Orthostatic hypotension (OH) is a relatively common heterogenous and multifactorial disorder, traditionally classified as neurogenic (less common but often more severe) or nonneurogenic (more common, with no direct signs of autonomic nervous system disease). The different clinical variants of orthostatic intolerance include initial, classical and delayed OH as well as postural tachycardia syndrome. Orthostatic instability may induce syncopal attacks either alone or in combination with other mechanisms, and is often dismissed as a precipitating factor. Moreover, prevalent OH is an independent risk factor for all-cause mortality and cardiovascular morbidity, and the majority of patients with OH are asymptomatic or have few nonspecific symptoms. Management of symptomatic orthostatic intolerance includes both nonpharmacological and pharmacological methods, but it is not always successful and may lead to complications. Future studies of OH should focus on mechanisms that lead to neurogenic and nonneurogenic OH, novel diagnostic methods and more effective therapeutic modalities.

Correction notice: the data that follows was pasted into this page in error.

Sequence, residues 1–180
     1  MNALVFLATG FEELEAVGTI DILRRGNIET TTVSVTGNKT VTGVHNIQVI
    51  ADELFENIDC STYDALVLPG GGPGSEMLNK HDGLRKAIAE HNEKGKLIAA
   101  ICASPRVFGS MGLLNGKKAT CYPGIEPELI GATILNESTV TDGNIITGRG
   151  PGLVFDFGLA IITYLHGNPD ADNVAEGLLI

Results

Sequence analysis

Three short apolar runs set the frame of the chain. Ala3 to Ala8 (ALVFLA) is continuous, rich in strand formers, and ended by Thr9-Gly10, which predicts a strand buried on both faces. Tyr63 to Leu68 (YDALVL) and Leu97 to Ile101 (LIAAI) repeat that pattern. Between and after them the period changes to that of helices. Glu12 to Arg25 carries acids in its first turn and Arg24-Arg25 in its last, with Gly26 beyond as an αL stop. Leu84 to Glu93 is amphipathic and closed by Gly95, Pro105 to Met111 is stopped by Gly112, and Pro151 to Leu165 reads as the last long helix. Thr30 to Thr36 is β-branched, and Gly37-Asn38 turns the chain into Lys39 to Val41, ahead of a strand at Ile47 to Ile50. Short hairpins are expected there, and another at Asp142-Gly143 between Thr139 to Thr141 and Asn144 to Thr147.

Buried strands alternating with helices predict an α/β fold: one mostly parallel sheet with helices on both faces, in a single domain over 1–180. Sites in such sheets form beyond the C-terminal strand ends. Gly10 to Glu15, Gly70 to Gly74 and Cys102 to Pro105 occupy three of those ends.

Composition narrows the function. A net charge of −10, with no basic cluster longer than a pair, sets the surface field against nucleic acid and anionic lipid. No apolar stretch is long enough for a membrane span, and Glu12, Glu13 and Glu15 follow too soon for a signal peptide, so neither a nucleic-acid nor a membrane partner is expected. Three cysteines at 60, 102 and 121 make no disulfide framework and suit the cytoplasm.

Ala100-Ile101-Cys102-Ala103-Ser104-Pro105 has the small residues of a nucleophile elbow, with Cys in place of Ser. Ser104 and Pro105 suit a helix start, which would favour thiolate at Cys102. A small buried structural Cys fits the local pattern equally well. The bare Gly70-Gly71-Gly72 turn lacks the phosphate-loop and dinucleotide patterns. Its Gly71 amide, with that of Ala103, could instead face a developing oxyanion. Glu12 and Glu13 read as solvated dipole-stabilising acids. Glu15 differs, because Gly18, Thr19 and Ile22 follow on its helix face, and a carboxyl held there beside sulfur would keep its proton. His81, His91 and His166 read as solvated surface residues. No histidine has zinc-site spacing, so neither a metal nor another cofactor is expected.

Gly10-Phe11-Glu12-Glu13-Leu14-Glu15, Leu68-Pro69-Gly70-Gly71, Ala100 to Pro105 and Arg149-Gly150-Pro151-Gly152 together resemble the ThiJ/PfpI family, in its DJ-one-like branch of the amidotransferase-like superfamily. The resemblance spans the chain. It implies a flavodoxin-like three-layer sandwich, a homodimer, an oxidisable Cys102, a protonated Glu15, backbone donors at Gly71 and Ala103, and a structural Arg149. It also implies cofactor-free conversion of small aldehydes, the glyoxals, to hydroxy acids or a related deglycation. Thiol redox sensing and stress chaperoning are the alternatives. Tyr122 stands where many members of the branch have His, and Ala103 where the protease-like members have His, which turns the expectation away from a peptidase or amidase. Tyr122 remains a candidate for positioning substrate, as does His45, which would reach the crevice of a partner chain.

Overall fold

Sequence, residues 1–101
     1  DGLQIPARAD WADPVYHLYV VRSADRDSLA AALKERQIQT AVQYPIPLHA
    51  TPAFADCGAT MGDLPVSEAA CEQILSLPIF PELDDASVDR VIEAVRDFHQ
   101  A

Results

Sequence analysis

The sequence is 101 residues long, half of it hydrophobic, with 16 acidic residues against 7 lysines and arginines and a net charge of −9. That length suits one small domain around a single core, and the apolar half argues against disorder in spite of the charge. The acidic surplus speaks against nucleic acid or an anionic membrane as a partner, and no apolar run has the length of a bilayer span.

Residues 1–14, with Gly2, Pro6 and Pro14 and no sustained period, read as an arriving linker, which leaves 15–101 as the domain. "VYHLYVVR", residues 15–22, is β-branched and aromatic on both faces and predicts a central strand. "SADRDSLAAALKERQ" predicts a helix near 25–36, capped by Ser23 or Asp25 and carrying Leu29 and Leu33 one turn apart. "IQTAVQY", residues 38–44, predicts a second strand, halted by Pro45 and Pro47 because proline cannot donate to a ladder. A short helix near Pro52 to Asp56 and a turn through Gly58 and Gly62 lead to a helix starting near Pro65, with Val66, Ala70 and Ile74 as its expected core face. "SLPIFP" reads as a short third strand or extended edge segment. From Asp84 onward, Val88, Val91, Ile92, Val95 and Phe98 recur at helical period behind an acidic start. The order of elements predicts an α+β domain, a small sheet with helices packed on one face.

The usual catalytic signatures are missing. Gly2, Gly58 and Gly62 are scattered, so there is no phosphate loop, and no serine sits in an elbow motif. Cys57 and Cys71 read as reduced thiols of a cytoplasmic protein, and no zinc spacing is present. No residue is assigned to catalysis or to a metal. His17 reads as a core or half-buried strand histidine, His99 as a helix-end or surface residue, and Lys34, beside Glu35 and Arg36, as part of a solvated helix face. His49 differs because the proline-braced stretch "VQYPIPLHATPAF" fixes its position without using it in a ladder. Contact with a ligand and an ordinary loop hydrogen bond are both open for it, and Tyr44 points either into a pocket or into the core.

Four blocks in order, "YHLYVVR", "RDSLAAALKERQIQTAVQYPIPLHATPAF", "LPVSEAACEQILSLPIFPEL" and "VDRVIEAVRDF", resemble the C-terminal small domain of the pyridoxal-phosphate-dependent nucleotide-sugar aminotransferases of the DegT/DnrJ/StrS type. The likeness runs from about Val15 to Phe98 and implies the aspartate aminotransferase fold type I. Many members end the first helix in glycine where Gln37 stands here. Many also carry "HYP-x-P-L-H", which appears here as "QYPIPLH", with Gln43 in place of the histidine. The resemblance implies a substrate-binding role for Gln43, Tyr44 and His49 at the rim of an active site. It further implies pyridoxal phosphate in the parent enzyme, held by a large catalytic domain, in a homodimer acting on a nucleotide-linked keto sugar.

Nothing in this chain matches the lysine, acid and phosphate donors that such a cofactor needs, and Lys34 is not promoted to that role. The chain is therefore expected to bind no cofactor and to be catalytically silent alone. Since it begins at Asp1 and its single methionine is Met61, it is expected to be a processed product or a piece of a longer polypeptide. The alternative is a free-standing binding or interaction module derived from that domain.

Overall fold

© 2012 The Association for the Publication of the Journal of Internal Medicine.